Monthly Archive for October, 2012

When you think garden center, do you think Home Depot?

Gone are the days when a trip to the garden center meant a trip to a locally owned, and often family operated business.  Don’t get me wrong, independent garden centers still exist, but they are no longer the only place to buy plants, soil and other landscaping materials. According to the 2012 National Gardening Survey published by the National Gardening Association, large national chains (think Home Depot, Lowes and Walmart) now account for a 51% share of the retail dollars spent on lawn & garden related purchases in the United States. Independent garden centers account for just 17% of retail dollars spent.  The lawn & garden market is large enough ($29.1 billion at last count) to support many different business models.  That being said, the increasing share of the market held by large, national chains and big box retailers is not without consequence, particularly in the area of consumer choice.

Fewer plants to choose from

Large national retailers use their purchasing power to drive down prices.  Generally speaking, the more plants they purchase from a single grower, the lower price per plant they can obtain.  Add to this the fact that a relatively small group of people is making purchasing decisions for hundreds, sometimes thousands of retail locations, and you can see how national retailers are having a negative effect on the diversity of plant material available to gardeners.  You can still find that unique cut leaf Japanese maple cultivar if you really look, but you will probably have to drive a bit further than the local retail power center.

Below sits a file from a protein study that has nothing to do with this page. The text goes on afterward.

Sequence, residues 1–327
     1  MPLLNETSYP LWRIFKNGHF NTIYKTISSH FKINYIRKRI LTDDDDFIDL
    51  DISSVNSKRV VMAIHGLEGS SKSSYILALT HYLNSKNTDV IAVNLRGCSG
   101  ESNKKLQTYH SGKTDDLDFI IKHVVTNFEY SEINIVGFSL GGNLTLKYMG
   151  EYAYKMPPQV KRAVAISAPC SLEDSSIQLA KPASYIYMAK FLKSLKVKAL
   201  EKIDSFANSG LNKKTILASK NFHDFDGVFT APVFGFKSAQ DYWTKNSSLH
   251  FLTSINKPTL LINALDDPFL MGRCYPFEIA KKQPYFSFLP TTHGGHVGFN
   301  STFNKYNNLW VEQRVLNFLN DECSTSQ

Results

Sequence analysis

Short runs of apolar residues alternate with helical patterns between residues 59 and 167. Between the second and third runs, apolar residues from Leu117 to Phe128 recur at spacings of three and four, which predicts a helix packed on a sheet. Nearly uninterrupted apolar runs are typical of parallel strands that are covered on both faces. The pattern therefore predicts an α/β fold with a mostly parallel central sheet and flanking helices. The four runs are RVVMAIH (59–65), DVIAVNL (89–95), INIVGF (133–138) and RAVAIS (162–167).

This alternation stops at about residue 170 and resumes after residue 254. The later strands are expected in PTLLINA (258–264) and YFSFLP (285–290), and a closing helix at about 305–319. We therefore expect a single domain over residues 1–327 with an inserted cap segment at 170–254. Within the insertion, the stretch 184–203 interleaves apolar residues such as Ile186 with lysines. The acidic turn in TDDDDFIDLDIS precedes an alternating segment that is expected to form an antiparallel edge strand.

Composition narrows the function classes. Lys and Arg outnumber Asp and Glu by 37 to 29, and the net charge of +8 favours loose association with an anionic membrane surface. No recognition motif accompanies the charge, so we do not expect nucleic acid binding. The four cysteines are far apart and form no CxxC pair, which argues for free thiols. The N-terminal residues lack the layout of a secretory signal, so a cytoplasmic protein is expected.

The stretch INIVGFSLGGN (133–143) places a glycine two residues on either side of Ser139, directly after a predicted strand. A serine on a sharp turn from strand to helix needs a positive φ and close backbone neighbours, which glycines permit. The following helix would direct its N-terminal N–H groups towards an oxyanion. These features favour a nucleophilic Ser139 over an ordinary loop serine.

Where can I buy a Korean Dogwood?

Korean Dogwood

I recently spent some time in South Korea.  Fascinating country.  Being the garden fanatic that I am, much of my time was spent appreciating the uniquely Korean style of landscape design.  The pervasive use of rocks, shrubs and conifers borrows heavily from the natural environment found in the mountains that are never far away in Korea’s rugged landscape.  Commonly used plantings (at least in Seoul) include boxwood, yew, azalea, liriope, mondo grass, sasa grass, ginkgo biloba, dawn redwood, and korean pine.  One tree in particular caught my eye – the Korean Dogwood (Cornus kousa).  The Korean Dogwood is hard to miss, especially when it is in flower.  When in bloom the glossy white flowers that cover this small tree are truly memorizing.

Korea having a similar climate to where I live in Canada my immediate thought was to buy a Korean Dogwood for my garden as soon as I got back to Canada. Little did I realize how difficult this would be.  You can’t just type “Korean Dogwood” and “Your City” into Google and get a list of suppliers.  Very few garden centers post inventories online.  Growers, the people that supply garden centers, sometimes post their stock online, but rarely the names of the garden centers they supply, especially by item.  Want to know which garden centers in Toronto have purchased a Korean dogwood in the past 5 years?  You are out of luck.  So how do you track down specimen plants like a Korean Dogwood?  You call all the garden centers in your area and hope someone knows what you are looking for and can help you track down a source.  This can be a very frustrating and time consuming process.  After a few “weeks” of searching I gave up.  I was willing to spent several hundred dollars to buy this tree, and drive an hour or two if need be.  Despite being a very motivated buyer, no one got my business.

Turns out I am not the only one who has had a hard time finding unique plants for their garden.  More on that in my next post.